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Discussion Starter · #1 · (Edited)
About a decade ago my wife and I moved to Idaho. I hated my job and put lines out everywhere I could for something better. One of those lines was signing up for an auto-email anytime there were job openings with Idaho Fish and Game.

To this day, I am still receiving those emails despite being thoroughly self employed. Just never cut them off.

One thing I noticed? The sheer amount of hatchery jobs. Every freakin week, more hatchery jobs. Many at the same places as the previous week, month, and year. It's like they are just a revolving door of turnover?

So, I have to ask what is up with hatchery jobs? Why are they continuously open?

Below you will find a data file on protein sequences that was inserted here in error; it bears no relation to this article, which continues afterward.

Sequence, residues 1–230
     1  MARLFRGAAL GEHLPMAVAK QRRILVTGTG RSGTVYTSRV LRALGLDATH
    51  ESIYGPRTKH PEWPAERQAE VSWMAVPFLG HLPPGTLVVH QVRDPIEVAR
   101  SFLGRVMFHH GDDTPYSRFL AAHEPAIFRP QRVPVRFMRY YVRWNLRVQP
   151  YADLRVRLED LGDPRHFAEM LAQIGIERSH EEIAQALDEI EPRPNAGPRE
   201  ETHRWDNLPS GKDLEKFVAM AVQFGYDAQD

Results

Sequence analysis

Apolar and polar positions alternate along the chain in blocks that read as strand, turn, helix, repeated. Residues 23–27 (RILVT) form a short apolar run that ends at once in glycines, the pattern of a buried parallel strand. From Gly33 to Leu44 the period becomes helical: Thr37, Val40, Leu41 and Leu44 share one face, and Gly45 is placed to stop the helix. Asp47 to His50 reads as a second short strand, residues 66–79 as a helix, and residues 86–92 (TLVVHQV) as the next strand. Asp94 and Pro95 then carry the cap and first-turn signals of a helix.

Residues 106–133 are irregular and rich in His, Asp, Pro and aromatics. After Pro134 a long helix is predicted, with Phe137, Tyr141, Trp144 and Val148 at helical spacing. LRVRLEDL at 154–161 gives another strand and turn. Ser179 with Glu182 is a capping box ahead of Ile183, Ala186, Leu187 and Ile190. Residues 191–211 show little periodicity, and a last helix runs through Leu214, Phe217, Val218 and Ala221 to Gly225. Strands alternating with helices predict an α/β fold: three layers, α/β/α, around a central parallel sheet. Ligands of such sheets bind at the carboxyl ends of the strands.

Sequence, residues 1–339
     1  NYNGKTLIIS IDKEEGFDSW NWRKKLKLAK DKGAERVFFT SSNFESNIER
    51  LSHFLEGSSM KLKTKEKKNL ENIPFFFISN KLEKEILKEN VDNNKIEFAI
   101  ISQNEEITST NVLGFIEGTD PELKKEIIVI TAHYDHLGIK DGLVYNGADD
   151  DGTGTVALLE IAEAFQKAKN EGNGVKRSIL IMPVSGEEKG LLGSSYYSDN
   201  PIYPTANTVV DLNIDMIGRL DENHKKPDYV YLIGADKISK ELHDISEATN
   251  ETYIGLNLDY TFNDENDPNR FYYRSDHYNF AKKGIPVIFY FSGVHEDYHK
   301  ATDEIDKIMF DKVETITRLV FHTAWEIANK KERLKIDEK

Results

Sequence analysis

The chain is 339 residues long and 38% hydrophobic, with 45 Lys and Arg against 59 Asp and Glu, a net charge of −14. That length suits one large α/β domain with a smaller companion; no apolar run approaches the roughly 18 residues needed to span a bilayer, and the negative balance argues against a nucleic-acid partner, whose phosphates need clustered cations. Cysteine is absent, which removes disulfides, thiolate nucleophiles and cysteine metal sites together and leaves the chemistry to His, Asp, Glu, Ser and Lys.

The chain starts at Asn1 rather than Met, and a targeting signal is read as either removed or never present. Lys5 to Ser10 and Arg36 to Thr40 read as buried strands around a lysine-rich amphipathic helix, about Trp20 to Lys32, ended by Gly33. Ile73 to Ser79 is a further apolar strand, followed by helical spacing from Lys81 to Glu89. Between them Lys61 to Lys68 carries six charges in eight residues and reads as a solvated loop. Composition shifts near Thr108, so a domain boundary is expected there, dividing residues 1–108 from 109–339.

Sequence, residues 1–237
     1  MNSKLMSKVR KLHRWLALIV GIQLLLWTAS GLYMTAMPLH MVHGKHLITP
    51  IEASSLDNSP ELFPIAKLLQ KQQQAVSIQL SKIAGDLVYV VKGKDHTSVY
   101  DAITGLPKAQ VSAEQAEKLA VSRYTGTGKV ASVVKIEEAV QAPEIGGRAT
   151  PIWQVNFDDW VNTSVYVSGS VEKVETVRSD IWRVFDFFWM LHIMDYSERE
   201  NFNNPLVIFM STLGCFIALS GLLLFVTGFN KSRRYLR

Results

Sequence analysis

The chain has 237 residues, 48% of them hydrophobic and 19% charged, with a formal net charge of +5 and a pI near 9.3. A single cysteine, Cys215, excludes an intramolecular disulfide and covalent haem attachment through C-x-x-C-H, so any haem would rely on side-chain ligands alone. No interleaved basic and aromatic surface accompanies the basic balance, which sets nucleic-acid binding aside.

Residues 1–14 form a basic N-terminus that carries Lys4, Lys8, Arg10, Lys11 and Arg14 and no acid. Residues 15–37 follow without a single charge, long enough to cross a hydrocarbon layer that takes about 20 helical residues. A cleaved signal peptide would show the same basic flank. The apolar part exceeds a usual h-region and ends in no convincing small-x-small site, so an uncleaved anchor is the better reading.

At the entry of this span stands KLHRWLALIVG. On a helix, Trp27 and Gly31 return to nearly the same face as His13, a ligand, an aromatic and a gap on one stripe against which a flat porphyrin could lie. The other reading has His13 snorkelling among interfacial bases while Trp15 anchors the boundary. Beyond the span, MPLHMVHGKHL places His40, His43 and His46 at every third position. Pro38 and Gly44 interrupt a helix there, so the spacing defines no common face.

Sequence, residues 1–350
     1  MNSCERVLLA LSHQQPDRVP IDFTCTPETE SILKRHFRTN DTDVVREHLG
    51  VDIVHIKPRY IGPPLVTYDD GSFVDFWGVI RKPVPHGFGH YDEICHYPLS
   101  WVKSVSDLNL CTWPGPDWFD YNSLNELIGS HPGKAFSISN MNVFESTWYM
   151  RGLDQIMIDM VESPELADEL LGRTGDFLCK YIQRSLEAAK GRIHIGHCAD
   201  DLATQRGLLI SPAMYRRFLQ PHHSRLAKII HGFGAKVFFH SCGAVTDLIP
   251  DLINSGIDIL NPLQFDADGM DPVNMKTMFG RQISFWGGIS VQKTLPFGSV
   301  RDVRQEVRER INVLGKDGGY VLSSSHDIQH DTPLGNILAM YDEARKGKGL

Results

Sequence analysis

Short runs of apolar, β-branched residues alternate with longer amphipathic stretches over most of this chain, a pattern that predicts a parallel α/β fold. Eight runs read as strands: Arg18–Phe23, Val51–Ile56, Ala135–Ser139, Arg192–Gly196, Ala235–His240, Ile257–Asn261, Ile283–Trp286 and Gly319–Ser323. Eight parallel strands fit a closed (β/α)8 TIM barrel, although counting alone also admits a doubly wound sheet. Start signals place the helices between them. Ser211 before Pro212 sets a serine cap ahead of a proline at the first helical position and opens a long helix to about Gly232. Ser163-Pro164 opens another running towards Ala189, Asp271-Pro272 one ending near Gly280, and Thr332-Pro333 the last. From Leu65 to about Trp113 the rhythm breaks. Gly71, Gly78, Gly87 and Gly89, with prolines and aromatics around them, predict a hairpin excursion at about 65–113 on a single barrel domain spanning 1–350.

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It could be that they are having trouble filling the jobs. If it's like Washington, most advertised positions have a closing date for applications to be submitted by. I would then suggest that maybe not enough or enough qualified individuals applied. They would then have to re-advertise the position.
 

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I had one friend who worked down at the net pens. He would get off work and just REEK of fish food. That shit stinks. You could smell him twenty feet away. I could see how the turnover could be high:)
 

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About a decade ago my wife and I moved to Idaho. I hated my job and put lines out everywhere I could for something better. One of those lines was signing up for an auto-email anytime there were job openings with Idaho Fish and Game.